When to support nationalism? (Re: Scottish nationalism)

Xxxx Xxxxx Xxxxxx xxxxxxxx at xxxxxxxxxxx.xxx
Tue Jan 30 13:15:30 MST 2001

Philip Ferguson wrote:

> >We need to be wary of conflating regionalism with the nationalism of the
> >oppressed.  The Scottish are not the Palestinians, Kurds, Irish etc.

Fully agreed, with the exception of  the Kurdish question. Since we are debating
East Timor here,  it is better for us as Marxists to clarify where we stand on
ethnic nationalism. Kurdish issue deserves attention in that respect.. Although
Kurds have constantly been denied the right to self-determination (both by
imperialist powers and pro or anti-imperialist Arab governments who have seen Kurds
as a threat to territorial integrity), I would not go that far to suggest that
Kurds are a colonized nation as Irish and Palestinians. Regarding Kurds living in
Turkey, they are an *oppressed ethnic group* who are denied basic bourgeois right
such as language and cultural freedoms. I sincerely think that what Kurds needs is
a serious recognition of these rights, not a full  independence from Turkey.  Kurds
are not technically colonized by Turkey as a nation, because Turkey has never been
a *fully* imperialist power to colonize any ethnic group within its borders.
Historically speaking, Ottoman empire has never been a colonial empire although it
was a multi-ethnic empire.. It has in fact suffered from imperialistic intervention
if we consider the developments taking place in the after math of WWI--liberal
internationalism,Wilsonianism, Serv treaty etc..Kurds always hoped that the post
war arrangements  would allow the establishment of a Kurdish state. Instead, they
found themselves divided against their will within the borders of four states under
the British mandate. Most were in Turkey, Iraq, and Iran, with others in smaller
communities in Syria. When these countries formed their independent nations against
the British, Kurds still continued to live as ethnic minorities as part of these

Currently speaking, Southern east  part of Turkey occupied by a significant number
of  Kurdish population is a region suffering from capitalist underdevelopment and
peripheralization, but so are the regions occupied by other ethnic/religious
minorities (and so are the slums of Istanbul in the middle of urban capitalist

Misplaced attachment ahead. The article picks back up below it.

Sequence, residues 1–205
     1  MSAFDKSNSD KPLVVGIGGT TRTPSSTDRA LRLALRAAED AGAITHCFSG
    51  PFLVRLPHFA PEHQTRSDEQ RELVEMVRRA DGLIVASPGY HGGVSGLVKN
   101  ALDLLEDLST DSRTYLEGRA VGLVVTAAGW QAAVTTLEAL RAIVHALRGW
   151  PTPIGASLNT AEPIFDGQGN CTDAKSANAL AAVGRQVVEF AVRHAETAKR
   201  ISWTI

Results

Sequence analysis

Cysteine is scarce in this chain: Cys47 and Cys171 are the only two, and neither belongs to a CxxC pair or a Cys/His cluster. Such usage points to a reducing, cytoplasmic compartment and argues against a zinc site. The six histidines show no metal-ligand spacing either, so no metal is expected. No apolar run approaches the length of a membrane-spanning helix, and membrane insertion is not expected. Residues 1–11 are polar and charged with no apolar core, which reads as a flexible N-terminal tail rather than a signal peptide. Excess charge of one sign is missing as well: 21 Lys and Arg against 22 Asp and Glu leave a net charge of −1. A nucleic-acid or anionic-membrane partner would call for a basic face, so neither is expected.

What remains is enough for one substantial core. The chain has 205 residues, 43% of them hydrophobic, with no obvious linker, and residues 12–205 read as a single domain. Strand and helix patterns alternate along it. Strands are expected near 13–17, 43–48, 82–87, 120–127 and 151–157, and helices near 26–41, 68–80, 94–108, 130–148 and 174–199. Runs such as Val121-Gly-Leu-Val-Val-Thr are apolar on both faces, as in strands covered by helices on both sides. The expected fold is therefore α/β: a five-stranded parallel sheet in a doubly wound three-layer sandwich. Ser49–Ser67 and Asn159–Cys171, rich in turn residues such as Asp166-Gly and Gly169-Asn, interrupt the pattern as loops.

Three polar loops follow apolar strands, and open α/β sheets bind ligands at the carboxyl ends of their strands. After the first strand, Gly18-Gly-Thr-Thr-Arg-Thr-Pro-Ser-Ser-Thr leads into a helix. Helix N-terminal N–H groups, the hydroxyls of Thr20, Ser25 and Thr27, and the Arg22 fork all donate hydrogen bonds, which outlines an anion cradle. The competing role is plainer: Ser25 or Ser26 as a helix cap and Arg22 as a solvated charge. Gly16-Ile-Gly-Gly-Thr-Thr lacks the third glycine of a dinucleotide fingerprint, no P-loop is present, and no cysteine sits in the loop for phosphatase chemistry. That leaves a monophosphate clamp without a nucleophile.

centers). Thus, the problem is national, not specifically ethnic. Whenever the
Kurdish opposition has raised this injustice, with some remarkable exceptions among
the Kurdish left, it has always been in the form of secessionist (even the
socialist PKK) rather than a broader movement  that would lead us to the socialist
cause with Turks and Kurds together. This being the case, part of this hostility
also comes from the chauvinistic tendencies within the Turkish culture and the
Turkish left's reluctance to discuss the Kurdish problem openly.

To further complicate matters, Kurdish opposition leaders have regularly accepted
advice and aid from countries that have themselves engaged in imperialistic
interventions in the Middle East . In 1960s,  the Kurdish rebels in Iraq accepted
military support from both Israel and Iran. From 1972 to 1974, Richard Nixon and
Kissernger helped pro-imperialist shah of Iran to fuel a Kurdish uprising to weaken
the Iraqi government, which was seen by the United States a client of the Soviet
regime. Since then the Kurdish movement has divided into two reactionary/bourgeois
nationalist camps: Patriotic Union of Kurdistan (PUK) under Talabani and Kurdish
Democratic Party of Barzani. Both are puppet government strategically used by the
United Stated  to overthrow Saddam, and  to curb the radical potential of  the
Kurdish movement in general. These groups had primarily relied on the bases CIA had
established in Nothern Iraq as well as on US support for the Iraqi National
Congress (INC)-- an opposition group dominated by Kurdish factions. This not to
suggest that *all* Kurds are in the service of  US imperialism, but given the
_global conjuncture_ at the moment, I  frankly don't see any gains for Kurds to
applaud particularism untill we come to the realization of broader issues related
to the Americanization of the region.


> Cheers,
> Phil
> "Don't Dream It - Extreme It" (Lana Coc Kroft)
> http://www.revolution.org.nz

Xxxx Xxxxx Xxxxxx
Ph.D Student
Department of Political Science
SUNY at Albany
Nelson A. Rockefeller College
135 Western Ave.; Milne 102
Albany, NY 12222

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